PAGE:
Financial institutions are typically large, complex entities. They have one key requirement when it comes to security—the solutions they select have to last the distance.


Financial institutions are typically large, complex entities. They have one key requirement when it comes to security—the solutions they select have to last the distance.
This means they need to be able to evolve rapidly, integrate easily with other systems and be flexible, adapting to the changing needs of the business. In a sector where change and disruption are key factors, and technology and cyber threats are advancing apace, these are critical requirements.

Financial institutions have a substantial footprint with lots of real estate, large distribution networks, a sizeable staff complement and multiple huge datacentres—the engine rooms at the core of their business. A high level of digital disruption in this sector has seen new business models emerge, ushering in new, more digital and virtual means of engaging with customers, and a bigger focus on the customer experience. This has made securing the business, its assets, people and customers a multifaceted challenge. Are there security solutions that can keep pace with transformation in this sector?

Physical, logical and virtual systems converge

For many of the financial organisations, operational efficiency, securing cost-efficiency and risk management remain a high priority. As physical, logical and virtual systems converge, assets, information and people are under threat. To achieve greater control and lower risk, the consolidation of systems and efforts to achieve standardisation across these organisations have become increasingly important.

The IT environment is far from stable as technology continues to leapfrog ahead. CCTV systems, for example, have evolved from using local storage for footage to using network storage, from running analytics on the server to enabling analytics on the network device, and from providing a single camera view to providing multiple simultaneous views. At the same time, legacy systems must be incorporated. With multiple protocols and formats to accommodate, a standardised environment where, for example, end-to-end encryption is enabled, is vital.

How do consolidation and standardisation drive tighter security? Consider this: whether in a backwater town or major city centre, every branch of a bank presents the same level of risk in that each provides access to the bank’s core systems. Security, thus, must be applied in a consistent manner across geographies and facilities, regardless of relative perceptions of risk.

Similarly, banking organisations often have personnel moving between branches and banking divisions. With larger banks employing more than 100 000 staff across hundreds of branches, this can be a security nightmare, especially as banking halls become more ‘open’ to customers and it becomes more difficult to identify staff and manage access to restricted areas. With increased threats to data, assets and people, it is critical that the security systems in place are able to work together to manage identity and access, placing a single consistent layer of protection across the organisation, regardless of the facility type or geography.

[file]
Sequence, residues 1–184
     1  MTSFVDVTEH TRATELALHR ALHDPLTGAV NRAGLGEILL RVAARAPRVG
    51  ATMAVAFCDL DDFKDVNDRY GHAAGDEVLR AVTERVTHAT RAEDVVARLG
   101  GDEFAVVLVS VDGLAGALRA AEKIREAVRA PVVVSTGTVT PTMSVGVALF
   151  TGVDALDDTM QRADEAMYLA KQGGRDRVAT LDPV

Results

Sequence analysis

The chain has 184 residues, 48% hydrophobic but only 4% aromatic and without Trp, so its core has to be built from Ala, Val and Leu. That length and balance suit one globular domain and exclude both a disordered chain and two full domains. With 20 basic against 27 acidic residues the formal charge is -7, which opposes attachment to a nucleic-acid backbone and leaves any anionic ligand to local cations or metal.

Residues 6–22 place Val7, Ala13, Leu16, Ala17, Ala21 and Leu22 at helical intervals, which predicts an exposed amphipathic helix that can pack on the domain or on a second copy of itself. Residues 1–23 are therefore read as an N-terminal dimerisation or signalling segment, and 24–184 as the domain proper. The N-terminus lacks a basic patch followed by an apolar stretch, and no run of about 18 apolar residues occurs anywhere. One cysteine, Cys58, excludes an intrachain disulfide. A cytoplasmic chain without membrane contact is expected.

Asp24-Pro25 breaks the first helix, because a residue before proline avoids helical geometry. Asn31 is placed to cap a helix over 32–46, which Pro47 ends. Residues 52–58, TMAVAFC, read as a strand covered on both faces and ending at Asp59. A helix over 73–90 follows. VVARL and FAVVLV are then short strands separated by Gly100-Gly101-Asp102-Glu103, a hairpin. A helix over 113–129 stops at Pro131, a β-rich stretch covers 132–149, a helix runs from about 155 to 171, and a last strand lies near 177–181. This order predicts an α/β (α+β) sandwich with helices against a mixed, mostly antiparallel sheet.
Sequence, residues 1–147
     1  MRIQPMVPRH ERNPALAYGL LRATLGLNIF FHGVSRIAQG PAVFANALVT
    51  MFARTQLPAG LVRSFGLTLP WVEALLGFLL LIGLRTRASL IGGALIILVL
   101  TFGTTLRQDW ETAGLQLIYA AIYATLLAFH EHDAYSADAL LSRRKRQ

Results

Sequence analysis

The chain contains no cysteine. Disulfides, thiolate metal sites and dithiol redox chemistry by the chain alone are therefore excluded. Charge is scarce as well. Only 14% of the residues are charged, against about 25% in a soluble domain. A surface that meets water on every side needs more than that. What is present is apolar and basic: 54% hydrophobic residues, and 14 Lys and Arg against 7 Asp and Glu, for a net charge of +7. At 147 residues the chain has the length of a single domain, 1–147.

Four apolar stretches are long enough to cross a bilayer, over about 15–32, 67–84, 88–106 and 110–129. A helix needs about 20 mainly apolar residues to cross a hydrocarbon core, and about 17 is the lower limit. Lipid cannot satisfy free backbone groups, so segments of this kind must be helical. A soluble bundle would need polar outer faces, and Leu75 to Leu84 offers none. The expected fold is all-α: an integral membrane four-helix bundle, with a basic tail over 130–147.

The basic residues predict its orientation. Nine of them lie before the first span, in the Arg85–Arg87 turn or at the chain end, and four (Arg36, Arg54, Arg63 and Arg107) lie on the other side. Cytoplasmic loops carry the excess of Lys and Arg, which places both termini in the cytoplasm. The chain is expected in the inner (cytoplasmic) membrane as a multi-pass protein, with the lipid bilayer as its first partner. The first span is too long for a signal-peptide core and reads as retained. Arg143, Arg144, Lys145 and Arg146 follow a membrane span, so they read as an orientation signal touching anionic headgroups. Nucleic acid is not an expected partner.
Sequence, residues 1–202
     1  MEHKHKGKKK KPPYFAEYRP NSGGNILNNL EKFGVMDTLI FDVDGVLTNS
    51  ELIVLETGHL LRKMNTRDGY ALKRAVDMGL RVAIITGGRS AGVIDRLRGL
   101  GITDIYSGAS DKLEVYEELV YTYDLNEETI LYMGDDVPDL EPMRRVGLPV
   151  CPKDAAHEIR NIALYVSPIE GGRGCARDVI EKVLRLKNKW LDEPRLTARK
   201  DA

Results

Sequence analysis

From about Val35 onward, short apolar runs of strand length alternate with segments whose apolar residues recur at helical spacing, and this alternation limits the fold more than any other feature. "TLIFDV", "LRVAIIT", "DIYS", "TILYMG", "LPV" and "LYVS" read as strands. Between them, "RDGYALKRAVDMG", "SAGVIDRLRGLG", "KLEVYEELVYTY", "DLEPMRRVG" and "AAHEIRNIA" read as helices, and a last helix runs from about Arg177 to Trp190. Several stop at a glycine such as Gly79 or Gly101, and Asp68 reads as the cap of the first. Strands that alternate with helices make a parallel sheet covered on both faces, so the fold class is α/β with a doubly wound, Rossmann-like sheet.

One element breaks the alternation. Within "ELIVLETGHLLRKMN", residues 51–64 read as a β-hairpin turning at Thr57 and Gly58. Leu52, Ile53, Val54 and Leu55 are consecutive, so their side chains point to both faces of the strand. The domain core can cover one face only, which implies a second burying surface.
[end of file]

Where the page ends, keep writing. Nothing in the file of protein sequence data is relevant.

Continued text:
Such a system would, for example, ensure each employee only needed a single security card (rather than multiple cards for multiple sites) that would grant them access to specific areas based on their security level—e.g., to restricted areas but not to strongboxes. It would also work at a logical level, denying network access to someone who tries to sign in from one location while being logged in at another.

It’s clear why leading control and security solutions that have a large research and development component, clear roadmaps, a proven track record and global recognition are gaining favour among financial organisations. However, advanced features and high levels of integration with other systems are also paying off in other ways.

Security smooths the way

Financial institutions function in a highly competitive environment where customer service and the customer experience is a differentiator. This has seen facilities introduce couches and ticketing systems in banking halls. With security systems sharing the banking network with these systems, it’s not difficult to see the synergies. For example, to improve floor operations, CCTV camera footage feeds logistics systems, alerting managers to where service bottlenecks may be forming and driving the allocation of more consultants to particular areas.

As physical, logical and virtual systems continue to converge, ensuring a single consistent risk and security policy will be very important. Any new security systems or features will require forethought. Ensuring that their security systems are open, integrate easily with other systems and constantly evolve, enabling the organisation to make use of new and emerging technologies, will position banks well to secure their people, customers and assets in physical and virtual environments. 

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Issue 413


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